In conclusion…

In this post I have attempted to show how both dot notation and query syntax (aka fluent notation) have their vices and their virtues, and in turn, armed you with the knowledge to choose wisely.

So, think about whether someone can read and maintain what you have written. Break down complex queries into parts. Consider moving some things to lazily evaluated methods. Understand what you are writing; if you look at it and have to think about why it works, it probably needs reworking. Always favour clarity and simplicity over dogma and cleverness; to draw inspiration from Jurassic Park, even though you could, stop to think whether you should.

LINQ is a complex feature of C# and .NET (and all the other .NET languages) and there are many things I have not covered. So, if you have any questions, please leave a comment. If I can't answer it, I will hopefully be able to direct you to someone who can. Alternatively, check out Edulinq by the inimitable Jon Skeet, head over to StackOverflow where there is an Internet of people waiting to help (including Jon Skeet), or get binging (googling, yahooing, altavistaring, whatever…)8.

And that brings us to the end of this series on LINQ. From deferred execution and the query chain to dot notation versus query syntax, I hope that I have managed to paint a favourable picture of LINQ, and helped to clear up some of the prejudices and confusions that surround it. LINQ is a powerful weapon in the arsenal of a .NET programmer; to not use it, would be a waste.


  1. Just the thought of the nested method calls or high number of placeholder variables makes me shudder 

  2. I guess LIQ was too suggestive for Microsoft 

  3. That statement is an absolute, Obi Sith Kenobi 

  4. I am definitely leaving the nested static methods approach to you as an exercise (in futility 

  5. Though if you changed the person variable to p, there is less typing in the query syntax , if that is a metric you are concerned with 

  6. Yes, a nested foreach can achieve this simple example, but this is just illustrative, and I'd argue cleaner than a foreach approach 

  7. That's why I cheated and wrote it in query syntax, then used Resharper to change it to dot notation for me 

  8. Back in my day, it was called searching…grumble grumble 

Debugging in LINQPad

If you have been reading my blog over the last few months you will no doubt be aware that I am a regular user of LINQPad. I do not have any commercial involvement with LINQPad nor its creators, I just really like it. Recently, I decided to try out the latest release, which adds integrated debugging to the already feature rich tool. This amazingly powerful new feature adds yet another reason why this application should be in every developer's arsenal, regardless of experience and ability (it is a great learning tool for students). Here is a brief overview of this new feature, which is available with the premium license (currently on sale for $85 at time of writing; it may not be the case as you are reading this).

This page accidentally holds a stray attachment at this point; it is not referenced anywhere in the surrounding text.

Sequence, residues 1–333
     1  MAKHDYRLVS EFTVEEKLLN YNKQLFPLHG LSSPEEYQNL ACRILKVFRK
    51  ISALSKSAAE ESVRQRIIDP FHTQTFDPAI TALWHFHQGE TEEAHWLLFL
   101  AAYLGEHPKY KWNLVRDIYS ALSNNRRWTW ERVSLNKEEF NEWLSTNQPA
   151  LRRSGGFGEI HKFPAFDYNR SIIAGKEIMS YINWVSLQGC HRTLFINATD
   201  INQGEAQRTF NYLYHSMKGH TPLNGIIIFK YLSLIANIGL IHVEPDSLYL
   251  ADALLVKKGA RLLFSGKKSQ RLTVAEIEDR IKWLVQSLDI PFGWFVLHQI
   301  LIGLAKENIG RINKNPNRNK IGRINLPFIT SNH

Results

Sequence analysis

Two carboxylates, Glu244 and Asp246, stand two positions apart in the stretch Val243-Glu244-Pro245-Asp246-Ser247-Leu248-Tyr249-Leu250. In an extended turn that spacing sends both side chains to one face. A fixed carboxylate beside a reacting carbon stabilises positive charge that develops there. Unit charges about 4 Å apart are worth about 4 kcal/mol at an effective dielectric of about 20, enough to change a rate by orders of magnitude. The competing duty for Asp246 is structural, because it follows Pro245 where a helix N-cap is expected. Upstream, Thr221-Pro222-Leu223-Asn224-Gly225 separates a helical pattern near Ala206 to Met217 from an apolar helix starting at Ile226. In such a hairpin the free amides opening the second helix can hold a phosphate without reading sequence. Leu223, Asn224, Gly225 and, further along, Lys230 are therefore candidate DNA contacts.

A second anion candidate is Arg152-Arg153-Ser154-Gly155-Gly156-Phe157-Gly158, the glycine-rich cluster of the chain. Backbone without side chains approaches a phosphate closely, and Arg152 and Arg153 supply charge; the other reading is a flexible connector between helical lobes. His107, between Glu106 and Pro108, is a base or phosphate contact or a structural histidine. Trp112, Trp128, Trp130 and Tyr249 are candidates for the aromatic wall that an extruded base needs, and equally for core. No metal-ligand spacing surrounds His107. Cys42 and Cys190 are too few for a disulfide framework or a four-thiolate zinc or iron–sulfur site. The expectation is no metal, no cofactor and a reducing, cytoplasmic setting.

When running the latest LINQPad, the debugging feature adds some new buttons to the familiar toolbar. All the debugging features are available for both statement and program-based queries in C#, VB, and F# (not expressions or SQL languages). The first new button is the Pause button, also known as Break. This works as you might expect, pausing the current code execution. The other two are to specify how exceptions should be handled, informing  the debugger to break on unhandled exceptions and when exceptions are thrown. Breakpoints can be added by clicking in the margin to the left of the code or pressing F9 when the caret is on the desired line.  When a breakpoint is active on a line, it is indicated as a large red circle. For those who regularly use Visual Studio, the breakpoint and general debugger experience will be familiar.

Pressing F5 will run the query (or selected lines) as usual, but now, any breakpoints set on executing lines will cause the code to break. At this point, LINQPad will reveal some familar and not-so-familiar tools for debugging the code. General status information is displayed at the bottom of the LINQPad window, showing things like whether the code is executing or paused, whether the debugger is attached or not, and the process ID.

The next code statement to execute is highlighted in the code with a yellow arrow in the margin (in this case, overlaid on the breakpoint circle), and the code highlighted in yellow. In the lower left portion of the screen, we can see local variables and executing threads. We can also set up our own watches as necessary. Any objects in the Locals and Watch tabs can be expanded using the + glyph to reveal their constituent values. As in Visual Studio, these tabs allow the expansion of just-in-time LINQ queries so you can delve into the deep dark secrets of your code. However, you can also take advantage of LINQPad's fantastic dump feature and dump any value out to the Results tab on the right. If you want to control how far down the object graph a dump will go, you can modify the Dump Depth using the + and - controls in the column header.

The `Dump` output for the `range` variable
The Dump output for the range variable
Specifying the depth of the dump
Specifying the depth of the dump

For more information on LINQPad and its many features, check out the LINQPad website (http://linqpad.net). In my opinion, whether you use the free version or one of the paid upgrades, you will have one of the best coding utilities available for .NET.